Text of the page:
If Fourth's too bohemian for your taste, try Congress Street. This once-thriving street became a shadow of itself but was reinvented through creative urban planning. The city reduced traffic by removing a lane, then widened sidewalks, brought in a streetcar, and even planted trees for abundant shade for pedestrians. Over two decades later, Congress Street is a thriving economic and cultural hub.
It's here you'll find events loved by locals, like "Second Saturday," a monthly street festival that brings vendors, artisans, food trucks, open galleries, and even live performances.
Easily make a day of it along this 1.63-mile street of contrasts, where you'll find vivid barrios and historic sites, bustling shops and live venues, plenty of restaurants, and even craft breweries. Plan stops at the Tucson Museum of Art and the Museum of Contemporary Art to round out your day. Photography lovers cannot miss the free exhibits at the compelling Etherton Gallery, which feels like a museum, but which is one of the country's most renowned photography dealers.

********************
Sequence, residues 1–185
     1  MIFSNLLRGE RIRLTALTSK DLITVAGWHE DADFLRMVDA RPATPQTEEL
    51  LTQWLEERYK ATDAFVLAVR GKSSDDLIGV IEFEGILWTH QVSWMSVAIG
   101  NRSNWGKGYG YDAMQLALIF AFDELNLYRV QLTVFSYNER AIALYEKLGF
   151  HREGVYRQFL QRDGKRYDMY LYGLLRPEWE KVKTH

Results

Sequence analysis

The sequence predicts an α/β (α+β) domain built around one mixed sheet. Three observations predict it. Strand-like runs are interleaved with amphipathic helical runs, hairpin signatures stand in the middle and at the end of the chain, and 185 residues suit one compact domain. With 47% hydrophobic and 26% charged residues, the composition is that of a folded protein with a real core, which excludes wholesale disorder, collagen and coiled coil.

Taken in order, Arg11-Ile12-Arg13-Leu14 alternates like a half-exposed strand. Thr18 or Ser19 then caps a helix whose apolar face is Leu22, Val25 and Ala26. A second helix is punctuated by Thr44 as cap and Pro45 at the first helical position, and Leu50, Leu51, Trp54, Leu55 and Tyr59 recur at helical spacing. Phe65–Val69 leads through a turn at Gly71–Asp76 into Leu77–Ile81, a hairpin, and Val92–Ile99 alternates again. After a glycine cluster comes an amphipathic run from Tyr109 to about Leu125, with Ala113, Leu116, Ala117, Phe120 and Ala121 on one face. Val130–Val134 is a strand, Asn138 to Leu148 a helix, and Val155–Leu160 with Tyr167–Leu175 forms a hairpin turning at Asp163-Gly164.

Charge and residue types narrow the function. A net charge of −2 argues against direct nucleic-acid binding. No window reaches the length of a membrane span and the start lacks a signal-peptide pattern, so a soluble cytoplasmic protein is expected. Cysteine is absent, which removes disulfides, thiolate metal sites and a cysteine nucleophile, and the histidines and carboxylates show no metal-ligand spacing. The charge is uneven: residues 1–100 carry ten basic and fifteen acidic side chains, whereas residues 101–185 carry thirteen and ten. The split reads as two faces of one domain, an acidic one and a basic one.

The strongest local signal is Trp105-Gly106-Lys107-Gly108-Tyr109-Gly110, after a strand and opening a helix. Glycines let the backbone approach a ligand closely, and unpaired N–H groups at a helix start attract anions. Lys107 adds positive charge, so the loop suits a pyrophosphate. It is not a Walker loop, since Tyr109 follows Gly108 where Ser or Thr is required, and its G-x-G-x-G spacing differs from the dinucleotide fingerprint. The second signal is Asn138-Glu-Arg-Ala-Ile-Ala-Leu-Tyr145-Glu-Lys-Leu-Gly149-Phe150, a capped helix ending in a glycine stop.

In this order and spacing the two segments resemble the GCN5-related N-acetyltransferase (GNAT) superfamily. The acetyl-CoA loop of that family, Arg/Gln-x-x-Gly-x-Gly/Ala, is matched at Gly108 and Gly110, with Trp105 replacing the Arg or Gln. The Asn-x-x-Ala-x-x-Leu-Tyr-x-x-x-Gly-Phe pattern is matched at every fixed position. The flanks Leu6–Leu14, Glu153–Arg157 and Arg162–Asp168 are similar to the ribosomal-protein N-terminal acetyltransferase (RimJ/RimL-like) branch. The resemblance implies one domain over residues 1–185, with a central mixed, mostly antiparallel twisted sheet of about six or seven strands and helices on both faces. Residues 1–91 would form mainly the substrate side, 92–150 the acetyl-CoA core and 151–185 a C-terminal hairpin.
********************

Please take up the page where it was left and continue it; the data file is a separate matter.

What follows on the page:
From golfers and cyclists to shopping fanatics and foodies, there's something for everyone in Tucson. Be sure you pore over the VisitTucson.org site, where they've got trip ideas that'll be perfect for you, no matter what your interests are.
There's no question that Tucson has plenty to fill your days with. The only question now is, how many trips will you need before you've seen all this dynamic city has on offer?